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Connor Iapoce is an assistant editor for HCPLive and joined the MJH Life Sciences team in April 2021. He graduated from The College of New Jersey with a degree in Journalism and Professional Writing. He enjoys listening to records, going to concerts, and playing with his cat Squish. You can reach him at email@example.com.
Treating 100 older patients (≥60 years) with hypertension for approximately 3 years would prevent 1 major adverse cardiovascular event.
Intensive systolic blood pressure (BP) control may be appropriate for older adults with hypertension who have a life expectancy of greater than 3 years, but may not be suitable for those with less than 1 year, according to new findings.
Data show that in treating 100 older patients (≥60 years old) with hypertension for approximately 3 years, a single major adverse cardiovascular event (MACE) would be prevented.
“The summary TTB results of the present study provided a global estimate for prevention with intensive BP control; individual patients may be best served by focusing on TTB results from studies with similar intensive BP control interventions for patient characteristics,” wrote study author Chao Li, PhD, Department of Epidemiology and Health Statistics, School of Public Health, Xi’an Jiaotong University Health Science Center.
Newer guidelines recommend a systolic BP target of less than 150 mm Hg or potentially 130 mm Hg for individuals aged ≥60 years. However, the large heterogeneity in cardiovascular risk requires clinicians to individually weigh benefits against potential risks, including syncope and fall.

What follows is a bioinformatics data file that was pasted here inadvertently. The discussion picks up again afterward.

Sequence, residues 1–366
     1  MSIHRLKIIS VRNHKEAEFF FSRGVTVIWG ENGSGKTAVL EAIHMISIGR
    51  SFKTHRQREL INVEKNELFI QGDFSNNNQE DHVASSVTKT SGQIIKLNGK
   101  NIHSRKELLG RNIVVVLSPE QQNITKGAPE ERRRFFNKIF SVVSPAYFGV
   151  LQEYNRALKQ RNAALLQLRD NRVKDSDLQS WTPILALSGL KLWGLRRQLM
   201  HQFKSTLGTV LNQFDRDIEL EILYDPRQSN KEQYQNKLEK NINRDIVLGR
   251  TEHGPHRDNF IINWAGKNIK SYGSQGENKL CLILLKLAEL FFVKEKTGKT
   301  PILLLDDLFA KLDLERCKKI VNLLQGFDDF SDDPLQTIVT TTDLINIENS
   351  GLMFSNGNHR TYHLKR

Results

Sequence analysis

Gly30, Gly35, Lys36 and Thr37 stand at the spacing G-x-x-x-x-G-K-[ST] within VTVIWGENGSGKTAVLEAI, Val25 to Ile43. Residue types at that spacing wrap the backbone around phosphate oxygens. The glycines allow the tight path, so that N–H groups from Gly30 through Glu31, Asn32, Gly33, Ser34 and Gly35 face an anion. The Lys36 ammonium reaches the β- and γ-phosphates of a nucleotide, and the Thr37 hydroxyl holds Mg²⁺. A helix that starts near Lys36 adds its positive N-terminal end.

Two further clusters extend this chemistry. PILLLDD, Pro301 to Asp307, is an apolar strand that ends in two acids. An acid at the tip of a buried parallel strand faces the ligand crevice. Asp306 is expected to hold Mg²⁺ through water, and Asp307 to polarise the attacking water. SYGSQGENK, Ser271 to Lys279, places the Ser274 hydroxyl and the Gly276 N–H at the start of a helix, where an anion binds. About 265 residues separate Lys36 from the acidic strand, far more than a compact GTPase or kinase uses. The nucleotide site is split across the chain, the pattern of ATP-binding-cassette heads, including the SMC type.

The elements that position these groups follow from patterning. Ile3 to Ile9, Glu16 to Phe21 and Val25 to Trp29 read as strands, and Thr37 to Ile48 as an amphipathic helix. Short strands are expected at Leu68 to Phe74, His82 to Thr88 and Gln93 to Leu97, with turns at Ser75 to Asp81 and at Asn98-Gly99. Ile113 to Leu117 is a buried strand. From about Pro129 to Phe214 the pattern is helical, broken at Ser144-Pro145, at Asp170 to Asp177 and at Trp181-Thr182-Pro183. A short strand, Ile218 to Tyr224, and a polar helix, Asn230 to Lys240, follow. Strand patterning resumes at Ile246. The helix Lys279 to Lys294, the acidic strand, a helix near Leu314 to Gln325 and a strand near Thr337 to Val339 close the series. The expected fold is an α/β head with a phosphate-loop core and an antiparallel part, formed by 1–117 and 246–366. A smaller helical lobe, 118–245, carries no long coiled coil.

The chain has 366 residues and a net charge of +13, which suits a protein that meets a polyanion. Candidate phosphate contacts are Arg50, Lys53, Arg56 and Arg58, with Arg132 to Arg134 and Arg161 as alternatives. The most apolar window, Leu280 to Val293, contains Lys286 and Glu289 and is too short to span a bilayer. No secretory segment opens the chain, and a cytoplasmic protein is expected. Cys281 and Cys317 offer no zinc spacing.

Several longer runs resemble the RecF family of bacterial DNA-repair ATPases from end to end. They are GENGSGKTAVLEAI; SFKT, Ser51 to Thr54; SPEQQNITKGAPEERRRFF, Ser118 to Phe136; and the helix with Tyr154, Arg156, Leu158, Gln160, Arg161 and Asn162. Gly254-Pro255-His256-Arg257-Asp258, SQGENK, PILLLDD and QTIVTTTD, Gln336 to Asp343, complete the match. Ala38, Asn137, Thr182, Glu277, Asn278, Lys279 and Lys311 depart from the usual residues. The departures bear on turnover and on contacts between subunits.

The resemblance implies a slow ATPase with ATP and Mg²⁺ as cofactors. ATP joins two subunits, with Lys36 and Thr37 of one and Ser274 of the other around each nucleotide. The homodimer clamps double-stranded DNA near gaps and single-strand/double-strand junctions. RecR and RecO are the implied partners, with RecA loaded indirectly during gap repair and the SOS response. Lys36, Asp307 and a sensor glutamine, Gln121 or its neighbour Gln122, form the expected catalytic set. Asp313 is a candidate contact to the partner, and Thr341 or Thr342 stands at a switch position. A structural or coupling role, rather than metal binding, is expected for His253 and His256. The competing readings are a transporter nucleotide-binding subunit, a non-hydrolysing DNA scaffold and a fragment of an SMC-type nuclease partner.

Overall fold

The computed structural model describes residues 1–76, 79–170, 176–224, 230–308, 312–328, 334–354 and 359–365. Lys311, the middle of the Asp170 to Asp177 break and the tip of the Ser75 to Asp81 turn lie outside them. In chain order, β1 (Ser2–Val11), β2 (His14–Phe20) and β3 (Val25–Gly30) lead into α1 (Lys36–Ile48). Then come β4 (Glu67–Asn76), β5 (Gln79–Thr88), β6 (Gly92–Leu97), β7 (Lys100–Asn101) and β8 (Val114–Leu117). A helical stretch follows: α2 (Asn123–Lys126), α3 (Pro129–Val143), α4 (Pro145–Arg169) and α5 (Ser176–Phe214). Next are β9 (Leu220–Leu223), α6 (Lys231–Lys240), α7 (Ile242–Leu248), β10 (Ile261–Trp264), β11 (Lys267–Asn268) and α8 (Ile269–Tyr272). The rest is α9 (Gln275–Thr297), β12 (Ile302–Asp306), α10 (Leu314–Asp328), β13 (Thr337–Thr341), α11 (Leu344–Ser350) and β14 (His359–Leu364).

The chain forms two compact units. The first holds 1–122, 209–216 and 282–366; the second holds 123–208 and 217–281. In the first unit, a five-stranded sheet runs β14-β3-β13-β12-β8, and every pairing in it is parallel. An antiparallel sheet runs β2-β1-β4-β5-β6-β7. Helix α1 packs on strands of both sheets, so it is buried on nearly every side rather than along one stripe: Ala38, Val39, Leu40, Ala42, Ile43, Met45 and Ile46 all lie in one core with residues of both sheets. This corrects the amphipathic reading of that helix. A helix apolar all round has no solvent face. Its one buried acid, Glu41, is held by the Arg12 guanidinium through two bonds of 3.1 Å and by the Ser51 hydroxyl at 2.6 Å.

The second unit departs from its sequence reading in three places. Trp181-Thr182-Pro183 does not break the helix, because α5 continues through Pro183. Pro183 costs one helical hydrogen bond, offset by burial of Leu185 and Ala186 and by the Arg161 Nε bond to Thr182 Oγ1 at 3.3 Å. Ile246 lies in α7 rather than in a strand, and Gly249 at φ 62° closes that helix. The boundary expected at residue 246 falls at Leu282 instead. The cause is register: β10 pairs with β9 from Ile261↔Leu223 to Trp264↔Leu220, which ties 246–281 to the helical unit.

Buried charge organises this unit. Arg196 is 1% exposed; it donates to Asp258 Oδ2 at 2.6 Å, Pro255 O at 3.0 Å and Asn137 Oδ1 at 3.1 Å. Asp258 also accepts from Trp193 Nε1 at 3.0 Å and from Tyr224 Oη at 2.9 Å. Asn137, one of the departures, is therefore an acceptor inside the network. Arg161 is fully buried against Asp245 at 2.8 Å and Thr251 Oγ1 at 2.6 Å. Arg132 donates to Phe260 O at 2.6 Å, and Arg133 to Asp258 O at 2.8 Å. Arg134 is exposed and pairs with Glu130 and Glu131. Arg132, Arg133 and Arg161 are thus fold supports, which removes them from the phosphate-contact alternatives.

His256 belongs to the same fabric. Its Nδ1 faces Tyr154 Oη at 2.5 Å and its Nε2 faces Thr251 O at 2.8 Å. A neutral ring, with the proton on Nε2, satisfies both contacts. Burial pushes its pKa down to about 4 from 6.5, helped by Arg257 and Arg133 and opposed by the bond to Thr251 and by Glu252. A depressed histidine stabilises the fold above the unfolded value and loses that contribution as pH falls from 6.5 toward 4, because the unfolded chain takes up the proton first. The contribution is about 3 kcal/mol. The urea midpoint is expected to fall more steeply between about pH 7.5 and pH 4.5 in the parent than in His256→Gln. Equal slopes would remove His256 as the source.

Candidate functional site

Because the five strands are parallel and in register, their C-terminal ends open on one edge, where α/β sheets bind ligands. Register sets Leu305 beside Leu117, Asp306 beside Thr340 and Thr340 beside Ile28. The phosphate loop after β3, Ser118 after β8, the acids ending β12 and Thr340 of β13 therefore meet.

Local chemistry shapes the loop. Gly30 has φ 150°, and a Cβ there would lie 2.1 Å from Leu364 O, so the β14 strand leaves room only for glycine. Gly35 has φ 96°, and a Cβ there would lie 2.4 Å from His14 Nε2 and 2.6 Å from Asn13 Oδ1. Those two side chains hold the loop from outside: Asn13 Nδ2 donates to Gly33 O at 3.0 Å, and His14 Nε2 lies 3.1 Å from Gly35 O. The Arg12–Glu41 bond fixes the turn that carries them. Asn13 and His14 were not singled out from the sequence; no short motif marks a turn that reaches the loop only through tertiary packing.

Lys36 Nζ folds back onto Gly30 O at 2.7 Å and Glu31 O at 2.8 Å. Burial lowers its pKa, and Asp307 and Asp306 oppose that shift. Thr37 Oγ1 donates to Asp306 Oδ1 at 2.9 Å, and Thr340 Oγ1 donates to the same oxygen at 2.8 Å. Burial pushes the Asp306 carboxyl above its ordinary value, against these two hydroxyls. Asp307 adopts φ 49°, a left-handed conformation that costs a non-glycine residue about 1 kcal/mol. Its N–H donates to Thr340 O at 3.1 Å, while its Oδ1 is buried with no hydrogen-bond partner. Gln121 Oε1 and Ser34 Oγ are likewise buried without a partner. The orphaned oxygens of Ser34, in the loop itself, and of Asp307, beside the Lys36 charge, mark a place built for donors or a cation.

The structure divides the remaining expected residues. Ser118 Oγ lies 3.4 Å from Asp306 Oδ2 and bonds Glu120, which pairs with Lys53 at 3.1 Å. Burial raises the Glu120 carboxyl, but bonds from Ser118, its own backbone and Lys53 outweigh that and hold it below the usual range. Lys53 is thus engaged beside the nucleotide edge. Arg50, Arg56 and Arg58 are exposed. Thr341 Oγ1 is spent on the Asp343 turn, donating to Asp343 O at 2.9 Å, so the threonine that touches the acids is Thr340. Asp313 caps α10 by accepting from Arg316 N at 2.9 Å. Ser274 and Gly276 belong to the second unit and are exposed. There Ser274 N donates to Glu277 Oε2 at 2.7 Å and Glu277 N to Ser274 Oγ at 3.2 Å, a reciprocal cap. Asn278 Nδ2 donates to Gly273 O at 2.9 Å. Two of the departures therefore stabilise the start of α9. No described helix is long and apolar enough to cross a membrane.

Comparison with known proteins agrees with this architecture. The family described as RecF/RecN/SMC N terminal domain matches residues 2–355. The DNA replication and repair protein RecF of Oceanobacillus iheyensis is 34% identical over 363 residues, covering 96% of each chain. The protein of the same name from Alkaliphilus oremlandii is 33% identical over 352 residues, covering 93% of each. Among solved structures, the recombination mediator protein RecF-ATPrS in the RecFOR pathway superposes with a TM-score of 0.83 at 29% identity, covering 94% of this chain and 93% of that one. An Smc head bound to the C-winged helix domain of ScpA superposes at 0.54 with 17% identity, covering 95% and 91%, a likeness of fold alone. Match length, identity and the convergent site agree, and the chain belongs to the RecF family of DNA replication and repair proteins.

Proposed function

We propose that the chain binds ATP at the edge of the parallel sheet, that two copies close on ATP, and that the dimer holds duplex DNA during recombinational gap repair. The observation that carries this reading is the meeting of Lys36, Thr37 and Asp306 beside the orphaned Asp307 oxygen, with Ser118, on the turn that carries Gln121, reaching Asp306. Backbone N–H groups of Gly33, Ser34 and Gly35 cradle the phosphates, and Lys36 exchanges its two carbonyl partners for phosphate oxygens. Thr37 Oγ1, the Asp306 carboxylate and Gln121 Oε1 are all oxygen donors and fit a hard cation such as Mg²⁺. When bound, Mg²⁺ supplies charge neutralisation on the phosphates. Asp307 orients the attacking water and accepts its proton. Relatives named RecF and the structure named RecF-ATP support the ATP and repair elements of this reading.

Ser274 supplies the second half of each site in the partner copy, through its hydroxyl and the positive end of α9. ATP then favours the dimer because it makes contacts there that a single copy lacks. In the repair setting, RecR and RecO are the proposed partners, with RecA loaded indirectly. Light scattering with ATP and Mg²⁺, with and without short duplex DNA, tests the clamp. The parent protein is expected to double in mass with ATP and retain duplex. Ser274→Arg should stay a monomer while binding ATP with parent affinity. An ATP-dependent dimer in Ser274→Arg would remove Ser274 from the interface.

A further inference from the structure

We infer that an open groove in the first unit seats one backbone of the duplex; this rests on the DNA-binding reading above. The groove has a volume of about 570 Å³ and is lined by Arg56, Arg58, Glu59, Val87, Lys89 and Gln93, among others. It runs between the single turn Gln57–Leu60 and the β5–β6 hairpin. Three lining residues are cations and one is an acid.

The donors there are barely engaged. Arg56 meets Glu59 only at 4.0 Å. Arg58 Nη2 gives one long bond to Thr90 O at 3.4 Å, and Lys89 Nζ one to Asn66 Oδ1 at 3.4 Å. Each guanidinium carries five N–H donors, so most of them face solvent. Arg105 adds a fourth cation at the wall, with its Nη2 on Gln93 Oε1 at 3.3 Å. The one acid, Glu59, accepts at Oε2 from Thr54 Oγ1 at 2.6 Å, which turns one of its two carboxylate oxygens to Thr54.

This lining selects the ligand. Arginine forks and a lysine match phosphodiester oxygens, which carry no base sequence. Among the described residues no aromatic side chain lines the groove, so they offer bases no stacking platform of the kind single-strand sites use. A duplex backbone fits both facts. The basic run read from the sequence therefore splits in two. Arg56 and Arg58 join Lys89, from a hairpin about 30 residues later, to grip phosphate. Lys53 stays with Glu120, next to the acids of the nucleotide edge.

Li and colleagues thus performed an analysis of individual data from randomized clinical trials to consider the TTB of more vs less intensive BP control. Trials were identified through PubMed until October 2021. If original study data were not available, investigators reconstructed them from the number of patients at risk and the Kaplan-Meier graph.
The primary outcome was defined as the time-to-first MACE, originally defined by individual trial as a composite of cardiovascular outcomes (myocardial infarction, stroke, and cardiovascular death), the investigators noted.
After identifying 85 trials from 7 systematic reviews, exclusions left a total of 6 trials in the analysis. There were a total of 27,414 participants, consisting of 56.3% women and having a mean age of 70 years.
Investigators observed intensive BP treatment with a systolic BP target below 140 mm Hg was significantly associated with a 21% reduction in MACE (hazard ratio [HR], 0.79; 95% CI, 0.71 - 0.88; P <.01).
Then, analyses to determine the TTB at various clinical thresholds found that 9.1 (95% confidence interval [CI], 4.0 - 20.6) months were needed to prevent 1 MACE per 500 patients with the intensive BP treatment (absolute risk reduction [ARR], 0.002).
Meanwhile, 19.1 (95% CI, 10.9 - 34.2) and 34.4 (95% CI, 22.7 - 59.8) months were estimated to avoid 1 MACE per 200 (ARR = .005) and 100 (ARR = .01) patients, respectively. Investigators noted the TTB to specific ARR threshold varied across different subgroups, with “little changes compared with the overall estimate.”
They found the TTB was consistently higher in the subgroup of target systolic BP less than 120 mm Hg vs the systolic BP less than 140 mm Hg compared with that of target SBP less than 130 mm Hg vs systolic BP less than 150/160 mm Hg.
“The degree to which an individual patient will benefit from intensive BP control will likely depend on their risk profile and potential harm,” Li concluded.
The study, “Time to Clinical Benefit of Intensive Blood Pressure Lowering in Patients 60 Years and Older With Hypertension: A Secondary Analysis of Randomized Clinical Trials,” was published in JAMA Internal Medicine.